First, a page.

Alarm over no-deal Brexit fuels stockpiling

0
7

Alarm over no-deal Brexit fuels stockpiling

 


The index for February also showed manufacturers were feverishly stockpiling inventory to cope with the potential fallout from Brexit. Stock photo: Bloomberg
The index for February also showed manufacturers were feverishly stockpiling inventory to cope with the potential fallout from Brexit. Stock photo: Bloomberg

Irish manufacturers have continued to stockpile inventory as the threat of a no-deal Brexit poses increasing potential challenges to supply lines.

According to the AIB Manufacturing Purchasing Managers’ Index (PMI) published this morning, stockpiling continued in March at the fastest pace in the 21-year history of the survey.

The index for February also showed manufacturers were feverishly stockpiling inventory to cope with the potential fallout from Brexit.

“Anecdotal evidence from panellists indicated that a number of firms had brought forward stock purchases to secure supplies in the event of any Brexit supply disruptions,” according to the AIB report.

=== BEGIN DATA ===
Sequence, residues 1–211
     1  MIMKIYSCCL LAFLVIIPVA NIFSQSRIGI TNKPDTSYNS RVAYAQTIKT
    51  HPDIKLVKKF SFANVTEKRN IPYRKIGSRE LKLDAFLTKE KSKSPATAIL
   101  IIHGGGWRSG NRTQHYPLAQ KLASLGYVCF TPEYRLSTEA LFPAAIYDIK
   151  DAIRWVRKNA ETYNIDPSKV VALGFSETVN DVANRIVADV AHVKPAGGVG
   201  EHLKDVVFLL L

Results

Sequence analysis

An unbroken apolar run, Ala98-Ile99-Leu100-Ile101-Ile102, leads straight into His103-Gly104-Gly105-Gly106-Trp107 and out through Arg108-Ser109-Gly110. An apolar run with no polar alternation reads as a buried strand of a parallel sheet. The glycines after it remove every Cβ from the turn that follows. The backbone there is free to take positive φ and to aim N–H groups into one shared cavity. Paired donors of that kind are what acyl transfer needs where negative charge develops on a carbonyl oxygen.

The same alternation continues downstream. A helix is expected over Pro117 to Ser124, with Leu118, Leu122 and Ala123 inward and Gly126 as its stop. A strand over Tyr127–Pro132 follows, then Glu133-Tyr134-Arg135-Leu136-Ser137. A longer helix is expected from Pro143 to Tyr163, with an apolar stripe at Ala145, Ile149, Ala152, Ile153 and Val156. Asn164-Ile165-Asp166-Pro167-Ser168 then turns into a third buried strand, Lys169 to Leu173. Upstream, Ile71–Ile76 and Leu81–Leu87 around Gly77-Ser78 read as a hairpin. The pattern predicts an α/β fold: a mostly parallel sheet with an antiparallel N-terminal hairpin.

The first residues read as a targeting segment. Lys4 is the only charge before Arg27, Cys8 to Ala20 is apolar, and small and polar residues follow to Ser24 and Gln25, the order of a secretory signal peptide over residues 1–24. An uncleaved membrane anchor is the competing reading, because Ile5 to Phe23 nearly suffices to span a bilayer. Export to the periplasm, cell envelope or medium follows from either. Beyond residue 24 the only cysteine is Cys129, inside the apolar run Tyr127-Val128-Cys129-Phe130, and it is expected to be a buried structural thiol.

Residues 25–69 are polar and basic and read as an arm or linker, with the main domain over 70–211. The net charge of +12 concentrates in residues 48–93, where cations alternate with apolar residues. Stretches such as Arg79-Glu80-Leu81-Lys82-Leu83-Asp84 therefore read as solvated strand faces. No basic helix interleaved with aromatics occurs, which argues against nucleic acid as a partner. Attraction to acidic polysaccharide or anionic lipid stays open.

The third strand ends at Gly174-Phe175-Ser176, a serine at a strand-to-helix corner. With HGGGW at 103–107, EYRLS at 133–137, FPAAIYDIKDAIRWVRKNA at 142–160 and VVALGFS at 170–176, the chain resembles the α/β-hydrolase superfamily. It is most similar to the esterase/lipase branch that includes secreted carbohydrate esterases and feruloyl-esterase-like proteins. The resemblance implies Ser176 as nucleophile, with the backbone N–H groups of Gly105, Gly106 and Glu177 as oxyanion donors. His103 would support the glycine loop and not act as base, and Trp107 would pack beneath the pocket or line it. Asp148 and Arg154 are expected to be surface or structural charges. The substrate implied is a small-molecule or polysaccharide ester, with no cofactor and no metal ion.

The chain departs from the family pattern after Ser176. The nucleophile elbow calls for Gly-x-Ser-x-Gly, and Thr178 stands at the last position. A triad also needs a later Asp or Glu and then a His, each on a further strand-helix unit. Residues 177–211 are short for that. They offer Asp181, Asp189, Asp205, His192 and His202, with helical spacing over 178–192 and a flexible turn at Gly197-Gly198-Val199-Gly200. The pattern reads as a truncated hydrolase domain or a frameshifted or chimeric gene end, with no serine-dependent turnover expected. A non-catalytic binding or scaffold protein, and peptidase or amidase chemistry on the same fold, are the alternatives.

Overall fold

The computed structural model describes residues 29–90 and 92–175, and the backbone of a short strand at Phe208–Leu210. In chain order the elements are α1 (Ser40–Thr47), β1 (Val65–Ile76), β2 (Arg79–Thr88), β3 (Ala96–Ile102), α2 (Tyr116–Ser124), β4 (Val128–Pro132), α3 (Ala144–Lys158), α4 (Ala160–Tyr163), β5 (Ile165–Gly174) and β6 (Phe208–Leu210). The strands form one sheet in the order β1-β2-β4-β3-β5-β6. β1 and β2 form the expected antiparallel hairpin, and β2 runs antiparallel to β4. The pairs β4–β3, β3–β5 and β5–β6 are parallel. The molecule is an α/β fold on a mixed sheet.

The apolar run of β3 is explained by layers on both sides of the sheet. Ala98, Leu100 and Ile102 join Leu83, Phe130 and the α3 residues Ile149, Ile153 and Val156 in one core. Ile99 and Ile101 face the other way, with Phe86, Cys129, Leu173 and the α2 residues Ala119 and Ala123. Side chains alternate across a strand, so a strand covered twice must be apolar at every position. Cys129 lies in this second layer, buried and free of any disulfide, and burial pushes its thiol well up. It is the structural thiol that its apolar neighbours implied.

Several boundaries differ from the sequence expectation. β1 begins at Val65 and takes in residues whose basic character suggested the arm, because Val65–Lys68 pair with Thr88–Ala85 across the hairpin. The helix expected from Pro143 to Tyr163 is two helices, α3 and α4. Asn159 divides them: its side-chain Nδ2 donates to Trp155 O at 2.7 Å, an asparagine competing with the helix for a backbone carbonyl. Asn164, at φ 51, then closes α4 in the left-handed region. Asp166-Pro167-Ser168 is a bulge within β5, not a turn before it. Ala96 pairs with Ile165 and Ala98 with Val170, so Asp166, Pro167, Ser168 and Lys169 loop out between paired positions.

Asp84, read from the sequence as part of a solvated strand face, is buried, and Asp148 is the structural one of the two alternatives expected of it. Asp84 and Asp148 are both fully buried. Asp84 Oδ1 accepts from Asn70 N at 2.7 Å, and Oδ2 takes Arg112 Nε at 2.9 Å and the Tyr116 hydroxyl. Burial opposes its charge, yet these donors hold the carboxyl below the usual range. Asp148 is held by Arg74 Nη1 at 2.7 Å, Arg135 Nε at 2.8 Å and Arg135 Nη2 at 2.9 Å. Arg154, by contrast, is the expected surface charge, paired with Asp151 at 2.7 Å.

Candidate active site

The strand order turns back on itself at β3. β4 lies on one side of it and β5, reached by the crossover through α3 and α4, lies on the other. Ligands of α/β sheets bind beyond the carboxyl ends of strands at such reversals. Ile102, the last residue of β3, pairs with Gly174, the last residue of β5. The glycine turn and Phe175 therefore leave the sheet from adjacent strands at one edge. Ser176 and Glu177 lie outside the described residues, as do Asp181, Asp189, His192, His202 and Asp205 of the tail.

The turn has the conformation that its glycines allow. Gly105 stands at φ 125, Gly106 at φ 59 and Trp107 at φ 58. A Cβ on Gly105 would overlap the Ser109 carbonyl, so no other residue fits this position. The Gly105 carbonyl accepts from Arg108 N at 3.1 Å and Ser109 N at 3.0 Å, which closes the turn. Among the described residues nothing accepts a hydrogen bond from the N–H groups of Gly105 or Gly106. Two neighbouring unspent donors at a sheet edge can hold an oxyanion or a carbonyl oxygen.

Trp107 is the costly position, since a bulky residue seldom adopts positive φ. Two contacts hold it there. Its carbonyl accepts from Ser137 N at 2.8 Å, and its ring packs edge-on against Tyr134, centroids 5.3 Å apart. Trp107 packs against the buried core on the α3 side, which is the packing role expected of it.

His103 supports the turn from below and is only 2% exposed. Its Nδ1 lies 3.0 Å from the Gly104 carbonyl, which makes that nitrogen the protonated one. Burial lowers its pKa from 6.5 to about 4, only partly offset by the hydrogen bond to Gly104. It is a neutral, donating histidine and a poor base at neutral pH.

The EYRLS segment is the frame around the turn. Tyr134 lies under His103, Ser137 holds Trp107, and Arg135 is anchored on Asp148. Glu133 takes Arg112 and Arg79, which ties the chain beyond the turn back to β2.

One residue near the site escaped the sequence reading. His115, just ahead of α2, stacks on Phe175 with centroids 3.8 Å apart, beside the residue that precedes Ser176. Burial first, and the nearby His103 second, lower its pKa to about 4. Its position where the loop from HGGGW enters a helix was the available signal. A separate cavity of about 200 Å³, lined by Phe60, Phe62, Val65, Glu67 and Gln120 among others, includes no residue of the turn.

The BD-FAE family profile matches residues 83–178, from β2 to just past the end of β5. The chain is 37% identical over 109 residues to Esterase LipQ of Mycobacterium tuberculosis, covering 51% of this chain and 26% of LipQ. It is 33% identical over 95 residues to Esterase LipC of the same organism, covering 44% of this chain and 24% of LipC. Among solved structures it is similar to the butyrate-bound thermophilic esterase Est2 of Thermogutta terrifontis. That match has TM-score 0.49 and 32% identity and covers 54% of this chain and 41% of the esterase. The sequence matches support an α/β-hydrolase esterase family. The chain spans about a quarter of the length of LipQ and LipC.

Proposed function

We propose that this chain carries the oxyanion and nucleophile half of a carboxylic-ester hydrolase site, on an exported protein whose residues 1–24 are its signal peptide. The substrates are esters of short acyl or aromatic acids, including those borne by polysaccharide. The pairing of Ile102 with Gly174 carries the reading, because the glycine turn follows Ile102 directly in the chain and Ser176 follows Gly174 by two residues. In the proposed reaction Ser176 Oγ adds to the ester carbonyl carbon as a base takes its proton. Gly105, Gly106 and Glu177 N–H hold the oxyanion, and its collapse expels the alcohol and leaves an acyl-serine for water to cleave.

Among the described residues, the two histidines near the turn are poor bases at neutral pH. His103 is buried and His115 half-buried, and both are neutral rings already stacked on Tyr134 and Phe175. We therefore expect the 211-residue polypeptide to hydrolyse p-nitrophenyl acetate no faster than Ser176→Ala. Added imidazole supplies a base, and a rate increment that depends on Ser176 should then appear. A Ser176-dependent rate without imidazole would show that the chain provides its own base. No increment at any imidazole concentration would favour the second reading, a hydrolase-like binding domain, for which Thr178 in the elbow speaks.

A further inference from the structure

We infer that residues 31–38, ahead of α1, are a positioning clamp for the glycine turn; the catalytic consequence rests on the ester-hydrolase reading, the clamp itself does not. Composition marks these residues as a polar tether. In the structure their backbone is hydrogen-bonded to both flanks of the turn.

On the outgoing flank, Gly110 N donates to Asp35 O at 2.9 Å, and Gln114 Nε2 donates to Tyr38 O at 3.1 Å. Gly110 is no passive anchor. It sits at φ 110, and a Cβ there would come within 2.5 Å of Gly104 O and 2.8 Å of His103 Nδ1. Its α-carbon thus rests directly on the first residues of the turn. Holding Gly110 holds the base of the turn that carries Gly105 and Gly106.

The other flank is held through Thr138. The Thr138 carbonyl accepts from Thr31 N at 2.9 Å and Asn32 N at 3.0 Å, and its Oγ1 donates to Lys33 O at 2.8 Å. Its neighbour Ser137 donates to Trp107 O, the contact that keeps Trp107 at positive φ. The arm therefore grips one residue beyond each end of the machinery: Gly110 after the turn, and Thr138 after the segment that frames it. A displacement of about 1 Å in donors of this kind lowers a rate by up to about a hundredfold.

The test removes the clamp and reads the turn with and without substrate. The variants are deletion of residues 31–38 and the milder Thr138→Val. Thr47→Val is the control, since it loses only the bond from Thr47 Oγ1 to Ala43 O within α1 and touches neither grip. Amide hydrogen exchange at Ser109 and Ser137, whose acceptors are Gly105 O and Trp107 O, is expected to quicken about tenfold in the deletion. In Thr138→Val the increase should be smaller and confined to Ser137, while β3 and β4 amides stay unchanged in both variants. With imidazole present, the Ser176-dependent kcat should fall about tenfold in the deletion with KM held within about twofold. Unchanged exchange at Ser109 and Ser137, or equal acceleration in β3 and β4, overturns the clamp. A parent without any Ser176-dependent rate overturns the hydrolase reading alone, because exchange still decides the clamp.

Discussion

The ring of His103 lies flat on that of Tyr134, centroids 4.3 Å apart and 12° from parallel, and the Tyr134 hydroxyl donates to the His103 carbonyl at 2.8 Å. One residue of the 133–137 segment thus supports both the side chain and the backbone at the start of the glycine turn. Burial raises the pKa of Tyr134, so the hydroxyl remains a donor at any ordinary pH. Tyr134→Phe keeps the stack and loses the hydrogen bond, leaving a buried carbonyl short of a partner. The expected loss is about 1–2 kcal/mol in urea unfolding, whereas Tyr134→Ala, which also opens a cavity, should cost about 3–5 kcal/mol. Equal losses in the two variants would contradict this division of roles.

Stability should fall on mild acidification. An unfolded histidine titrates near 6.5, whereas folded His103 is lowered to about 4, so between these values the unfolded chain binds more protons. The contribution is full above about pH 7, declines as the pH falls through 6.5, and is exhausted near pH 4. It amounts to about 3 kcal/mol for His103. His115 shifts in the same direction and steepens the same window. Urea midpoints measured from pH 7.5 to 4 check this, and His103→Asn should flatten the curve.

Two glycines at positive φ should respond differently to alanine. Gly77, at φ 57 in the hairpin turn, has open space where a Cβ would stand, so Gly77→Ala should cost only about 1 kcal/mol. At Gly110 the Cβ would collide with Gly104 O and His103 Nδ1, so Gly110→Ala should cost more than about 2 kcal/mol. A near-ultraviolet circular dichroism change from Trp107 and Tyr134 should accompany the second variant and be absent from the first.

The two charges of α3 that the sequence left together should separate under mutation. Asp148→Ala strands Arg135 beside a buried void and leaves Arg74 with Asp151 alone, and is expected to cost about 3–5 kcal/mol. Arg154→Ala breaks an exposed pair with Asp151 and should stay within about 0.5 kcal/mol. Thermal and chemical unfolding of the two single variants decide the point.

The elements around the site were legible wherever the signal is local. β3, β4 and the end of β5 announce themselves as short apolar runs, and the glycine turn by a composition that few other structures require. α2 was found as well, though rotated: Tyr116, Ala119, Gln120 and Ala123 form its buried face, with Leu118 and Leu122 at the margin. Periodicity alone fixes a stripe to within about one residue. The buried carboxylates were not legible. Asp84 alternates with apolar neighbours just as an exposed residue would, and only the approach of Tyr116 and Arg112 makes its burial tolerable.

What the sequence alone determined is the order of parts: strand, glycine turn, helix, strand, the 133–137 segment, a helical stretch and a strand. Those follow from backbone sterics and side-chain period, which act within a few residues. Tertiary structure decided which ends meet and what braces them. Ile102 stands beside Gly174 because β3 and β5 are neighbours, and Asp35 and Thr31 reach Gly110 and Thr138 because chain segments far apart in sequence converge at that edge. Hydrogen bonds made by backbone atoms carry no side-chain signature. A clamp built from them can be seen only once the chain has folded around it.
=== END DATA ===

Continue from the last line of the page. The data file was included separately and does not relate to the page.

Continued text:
The PMI is designed to provide a measure of the health of the country’s manufacturing sector.

Any reading above 50 signifies expansion, while below that indicates a contraction in the sector.



Sector boosted: AIB chief economist Oliver ManganSector boosted: AIB chief economist Oliver Mangan

Sector boosted: AIB chief economist Oliver Mangan

The latest AIB reading was 53.9 in March, which is down from 54 in February.

But AIB said the March figure still signalled a “solid improvement in operating conditions” amongst manufacturing firms here.

The sector has expanded on a monthly basis for almost six years.

AIB chief economist Oliver Mangan said that the sector was boosted in March by a pick-up in new export orders due to increased foreign demand.

“Meanwhile, employment in the sector rose at its fastest rate since October,” he added.

}
});

#bb-iawr-inarticle- { clear: both; margin: 0 0 15px; }

“Business optimism in manufacturing remains very upbeat, hitting a three-month high, though the rate of output growth did ease slightly in March.”

Irish Independent

LEAVE A REPLY

Please enter your comment!
Please enter your name here